Figure 1. (A–C) Histological observation of perineural satellitosis in glioblastoma. Haematoxylin and eosin stain show (A) Anaplastic, frankly malignant glial tumour cells (tc) induced neuronal apoptosis (B): only the picnotic remnant (Nr) of the neuron remains. In the end, (C) the vanishing neuron will be completely replaced by tumour cells (ø). What normally occurs is that neoplastic cells surround the neuronal cell body, which then results in neuronal cell death with intracellular degenerative change and appearance of ‘ghost cells' surrounded by the neoplastic cells in electron microscopy studies. The neoplastic cells can also phagocytose the remains of the neurons. For detailed information refer to [11][12]. Original images are collected at 400× magnification and relative region of interest (ROI) is reported. The scale bars are 20 µm.

    Similar features were seen in Ethyl Nitrosourea (ENU)-induced gliomas in BD-IX rats where a range of neuronal degenerative changes whereby at the most severe manifestation "ghost cells" or dying neurons replaced normal neurons and these were surrounded by neoplastic glial cells [11][13]. Interestingly, both neuronal and perivascular satellitosis (Figure 2) have been demonstrated many years ago by sequential electron microscopic examination of the subventricular zone (SVZ, also known as the subependymal plate). In this rat model of glioma, pregnant rats were treated with a potent neuro-carcinogen, Ethyl Nitrosourea, on the 16th day of gestation and the resultant offspring developed glia neoplasms predominantly located adjacent to the lateral ventricles of the brain (a known ‘germinal' zone). Thus the developmental genesis of such primary brain tumours could be followed and manifested both peri-neuronal and perivascular satellitosis as early hallmarks of developing brain tumours [7][12].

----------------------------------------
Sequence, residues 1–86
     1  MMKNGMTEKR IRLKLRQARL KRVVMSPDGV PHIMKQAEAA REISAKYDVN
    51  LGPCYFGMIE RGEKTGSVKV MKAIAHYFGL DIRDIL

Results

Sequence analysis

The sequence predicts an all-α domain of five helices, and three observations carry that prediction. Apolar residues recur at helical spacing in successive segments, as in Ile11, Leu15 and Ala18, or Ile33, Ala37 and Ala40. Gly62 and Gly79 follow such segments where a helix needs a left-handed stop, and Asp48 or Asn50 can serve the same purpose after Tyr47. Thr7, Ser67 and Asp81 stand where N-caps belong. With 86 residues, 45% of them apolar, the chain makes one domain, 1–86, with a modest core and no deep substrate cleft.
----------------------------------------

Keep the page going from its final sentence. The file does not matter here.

Figure 2. A transmission electron microscope micrograph of the sub-ventricular zone of the brain of a trans placentally ENU-treated BDIX rat showing neoplastically-transformed sub-ependymal plate glial stem cells (SEP) closely juxtaposed with a brain capillary (C) (right) and a neuronal cell body (Nr) (upper left). ×10,800.

    Moreover, perivascular growth, what we now define as perivascular satellitosis (Figure 3) is characterized by the growth of neoplastic cells in Virchow–Robin spaces around blood vessels, typically small sized capillaries or precapillary vascular structures. As stated in an even earlier publication [8], Scherer observed how this form of growth was an early manifestation of tumour spread and probably one of the first pathways of neoplastic diffusion, yet tended to be present also in later stages, highly infiltrative areas of tumours, and usually was easier to detect in cortical and striatum grey matter than in white matter.

    Figure 3. Histological observation of perivascular satellitosis. Atypical glial tumour cells (tc) moving and stretching along capillary vessels: increase in nuclear size of endothelial capillary cells (cc) is a sign of their metabolic reaction to tumour cells aggression and makes nuclei bulge into vessel lumen. Original image collected at 400× magnification and relative regions of interest (ROI) are reported. The scale bar is 50 µm.

    Given these preliminary studies on the invasive pattern of glioma, he postulated that a complete surgical excision of infiltrative glial neoplasms was technically impossible, thus explaining the high and fast recurrence rates not only of GB but also of lower grade glial tumours: this concept could be applied even at a time when hemispherectomies pioneered by Walter Dandy [14] were still being practised as standard treatment for glial neoplasms, and recurrences were observed in the contralateral hemisphere as early as six months postoperatively [15]. Despite these early speculations on the functional significance of satellitosis, the phenomenon has received very little attention in more recent years.